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by Dr. Aniruddha Malpani, MD and Dr. Anjali Malpani, MD.
Normally, one of the ovaries releases a single mature egg every month, and this is called ovulation. Women may notice pain or abdominal discomfort at the time of ovulation and occasionally have some slight vaginal bleeding. The presence of regular periods, premenstrual tension and dysmenorrhoea (period pains) usually indicate that the menstrual cycles are ovulatory.
Eggs are stored in the ovaries in follicles. Follicles exist in two major categories - growing and non-growing ( primordial ). Eggs in the primordial follicle are in a very immature form. In this state they are not capable of being fertilized by a sperm until they undergo a maturing process which culminates in their release from the ovary at the time of ovulation.
Egg maturation and ovulation is stimulated by two hormones secreted by the pituitary - follicle stimulating hormone (FSH) and luteinizing hormone (LH) . These two hormones must be produced in appropriate amounts throughout the monthly cycle for normal ovulation to occur.
Every month, at the start of the menstrual cycle, in response to the FSH produced by the pituitary gland, about 30-40 primordial follicles start to grow. Of these, only one matures to form a large fluid-filled structure, called a Graafian follicle which contains a mature egg, while the others die ( a process called atresia). The mature egg is released from the follicle when the follicle ruptures in response to a surge of LH produced by the pituitary.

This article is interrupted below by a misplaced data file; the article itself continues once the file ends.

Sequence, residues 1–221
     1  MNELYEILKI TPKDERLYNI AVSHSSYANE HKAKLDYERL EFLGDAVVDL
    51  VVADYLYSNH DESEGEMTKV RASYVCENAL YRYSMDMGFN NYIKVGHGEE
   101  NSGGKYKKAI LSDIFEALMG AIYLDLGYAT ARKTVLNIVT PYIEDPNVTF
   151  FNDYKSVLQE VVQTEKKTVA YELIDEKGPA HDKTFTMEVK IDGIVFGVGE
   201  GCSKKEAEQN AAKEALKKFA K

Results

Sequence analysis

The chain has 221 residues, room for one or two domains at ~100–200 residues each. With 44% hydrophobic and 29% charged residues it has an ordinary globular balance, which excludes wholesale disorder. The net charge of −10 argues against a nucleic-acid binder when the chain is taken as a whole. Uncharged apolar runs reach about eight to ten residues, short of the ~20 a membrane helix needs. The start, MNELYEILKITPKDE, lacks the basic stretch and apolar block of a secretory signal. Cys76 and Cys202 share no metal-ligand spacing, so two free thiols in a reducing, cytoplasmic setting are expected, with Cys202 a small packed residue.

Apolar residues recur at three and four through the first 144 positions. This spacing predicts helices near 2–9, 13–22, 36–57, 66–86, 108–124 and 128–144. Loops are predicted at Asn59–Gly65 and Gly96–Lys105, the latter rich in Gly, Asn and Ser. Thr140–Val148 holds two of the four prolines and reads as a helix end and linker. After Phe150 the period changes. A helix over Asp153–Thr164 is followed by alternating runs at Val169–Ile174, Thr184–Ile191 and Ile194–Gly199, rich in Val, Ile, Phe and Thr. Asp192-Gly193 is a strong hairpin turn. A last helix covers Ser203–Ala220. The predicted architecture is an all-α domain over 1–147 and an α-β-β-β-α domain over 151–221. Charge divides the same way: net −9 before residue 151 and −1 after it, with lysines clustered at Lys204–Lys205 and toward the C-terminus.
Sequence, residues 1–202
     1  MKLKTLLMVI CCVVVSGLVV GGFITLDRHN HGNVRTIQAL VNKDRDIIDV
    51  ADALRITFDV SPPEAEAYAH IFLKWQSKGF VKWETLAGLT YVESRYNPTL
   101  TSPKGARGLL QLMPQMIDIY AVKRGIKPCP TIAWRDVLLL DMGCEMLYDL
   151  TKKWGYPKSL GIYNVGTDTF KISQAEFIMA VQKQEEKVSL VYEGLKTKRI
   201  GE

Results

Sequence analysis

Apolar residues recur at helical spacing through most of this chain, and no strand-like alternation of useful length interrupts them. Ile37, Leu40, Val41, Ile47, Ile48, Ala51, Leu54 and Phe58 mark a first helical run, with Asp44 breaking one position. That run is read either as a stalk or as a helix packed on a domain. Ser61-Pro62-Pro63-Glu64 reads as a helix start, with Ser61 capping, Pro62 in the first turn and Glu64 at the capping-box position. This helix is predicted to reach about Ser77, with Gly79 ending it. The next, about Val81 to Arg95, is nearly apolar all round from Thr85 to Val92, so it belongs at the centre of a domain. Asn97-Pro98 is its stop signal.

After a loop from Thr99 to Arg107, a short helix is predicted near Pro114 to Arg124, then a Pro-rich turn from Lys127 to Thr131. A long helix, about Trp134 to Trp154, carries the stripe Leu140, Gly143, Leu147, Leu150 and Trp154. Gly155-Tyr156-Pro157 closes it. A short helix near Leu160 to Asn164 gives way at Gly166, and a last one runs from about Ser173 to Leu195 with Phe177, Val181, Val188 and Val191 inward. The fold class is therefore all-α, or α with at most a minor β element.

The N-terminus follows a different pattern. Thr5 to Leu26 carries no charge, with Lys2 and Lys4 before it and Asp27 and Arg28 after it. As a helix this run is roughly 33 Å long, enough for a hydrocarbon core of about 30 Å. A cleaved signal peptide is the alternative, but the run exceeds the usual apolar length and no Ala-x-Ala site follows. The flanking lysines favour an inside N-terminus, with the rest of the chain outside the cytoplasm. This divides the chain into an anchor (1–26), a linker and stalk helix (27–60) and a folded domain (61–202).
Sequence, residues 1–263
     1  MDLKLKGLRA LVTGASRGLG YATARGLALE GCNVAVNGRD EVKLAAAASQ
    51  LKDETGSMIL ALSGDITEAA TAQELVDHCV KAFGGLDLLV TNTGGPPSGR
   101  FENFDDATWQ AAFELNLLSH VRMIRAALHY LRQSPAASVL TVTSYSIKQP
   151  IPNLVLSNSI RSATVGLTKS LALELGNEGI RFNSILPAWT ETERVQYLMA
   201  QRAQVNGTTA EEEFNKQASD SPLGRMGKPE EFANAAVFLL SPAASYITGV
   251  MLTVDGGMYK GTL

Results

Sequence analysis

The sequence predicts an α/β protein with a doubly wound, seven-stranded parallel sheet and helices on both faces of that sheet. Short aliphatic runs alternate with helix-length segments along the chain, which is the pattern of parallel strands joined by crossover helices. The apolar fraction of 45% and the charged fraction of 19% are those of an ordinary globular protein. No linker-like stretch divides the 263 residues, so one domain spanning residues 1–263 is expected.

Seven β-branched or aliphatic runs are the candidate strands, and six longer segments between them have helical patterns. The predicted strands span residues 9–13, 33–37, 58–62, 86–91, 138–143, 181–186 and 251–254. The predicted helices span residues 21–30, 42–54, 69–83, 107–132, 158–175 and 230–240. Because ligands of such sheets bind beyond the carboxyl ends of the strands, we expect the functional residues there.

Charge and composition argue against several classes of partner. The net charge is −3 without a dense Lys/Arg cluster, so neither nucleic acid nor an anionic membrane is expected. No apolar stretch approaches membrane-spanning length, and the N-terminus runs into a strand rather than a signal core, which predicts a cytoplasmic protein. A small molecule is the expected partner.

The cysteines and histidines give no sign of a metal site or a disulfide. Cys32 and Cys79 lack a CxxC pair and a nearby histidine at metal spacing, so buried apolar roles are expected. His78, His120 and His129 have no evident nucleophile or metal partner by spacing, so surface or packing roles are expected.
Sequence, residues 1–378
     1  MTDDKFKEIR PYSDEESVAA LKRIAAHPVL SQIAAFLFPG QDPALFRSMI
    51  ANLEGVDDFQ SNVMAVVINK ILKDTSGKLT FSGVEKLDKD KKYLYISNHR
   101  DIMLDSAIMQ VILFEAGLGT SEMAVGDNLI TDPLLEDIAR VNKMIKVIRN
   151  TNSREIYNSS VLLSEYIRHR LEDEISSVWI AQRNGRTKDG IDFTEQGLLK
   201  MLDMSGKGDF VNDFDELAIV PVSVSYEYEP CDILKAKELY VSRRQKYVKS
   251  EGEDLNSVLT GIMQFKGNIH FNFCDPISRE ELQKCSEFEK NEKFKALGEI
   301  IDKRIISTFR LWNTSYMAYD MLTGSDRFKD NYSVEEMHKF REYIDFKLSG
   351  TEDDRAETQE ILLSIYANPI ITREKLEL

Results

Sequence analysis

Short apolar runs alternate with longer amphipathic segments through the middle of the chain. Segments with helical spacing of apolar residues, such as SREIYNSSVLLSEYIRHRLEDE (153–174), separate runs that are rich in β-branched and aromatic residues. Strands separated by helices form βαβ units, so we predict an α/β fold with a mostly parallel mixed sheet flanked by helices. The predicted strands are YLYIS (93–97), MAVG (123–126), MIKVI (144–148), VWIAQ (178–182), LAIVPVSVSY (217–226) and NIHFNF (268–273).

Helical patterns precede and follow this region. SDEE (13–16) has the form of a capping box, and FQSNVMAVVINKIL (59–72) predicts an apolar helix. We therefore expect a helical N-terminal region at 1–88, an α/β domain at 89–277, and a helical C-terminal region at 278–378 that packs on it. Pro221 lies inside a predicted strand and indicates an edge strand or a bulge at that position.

After ovulation has occurred, the follicle from which the egg has been released forms a cystic structure called the corpus luteum. This is responsible for progesterone production in the second half of the cycle.
You can see an excellent animation ( which will open in a new browser window) of the hormonal changes which occur during a normal menstrual cycle at Serono Fertility Lifecycle.
Most women who have regular periods have ovulatory cycles. Women who fail to ovulate or who have abnormal ovulation usually have a disturbance of their menstrual pattern. This may take the form of complete lack of periods (amenorrhoea), irregular or delayed periods (oligomenorrhoea) or occasionally a shortened cycle due to a defect in the second part (luteal phase) of the cycle.
Fig 1. Schematic of the ovarian follicle during its development (clockwise)
Fig 2. The hormonal changes which occur during a normal ovulatory cycle, if pregnancy occurs. The purple line marks the point when the embryo implants.
To determine the length of the menstrual cycle, one only needs to note the date of the beginning of the menstrual period (first day of flow) for two consecutive periods, and then count the day from one date to the next. Keeping track of the length of menstrual cycles will help determine the approximate time of ovulation, because the next period begins approximately two weeks from the date of ovulation.
The rough rule to calculate the approximate date of ovulation is : NMP minus 14 days, where NMP is the ( expected) date of the next menstrual period. This is because the luteal phase for most women is 14 days long.
Keeping track of the menstrual cycle by charting it can indicate other ovulatory disturbances . For example, if a menstrual cycle that is normally 28 days starts to occur every 35 or 40 days, this may mean that ovulation is disturbed, and an evaluation is needed.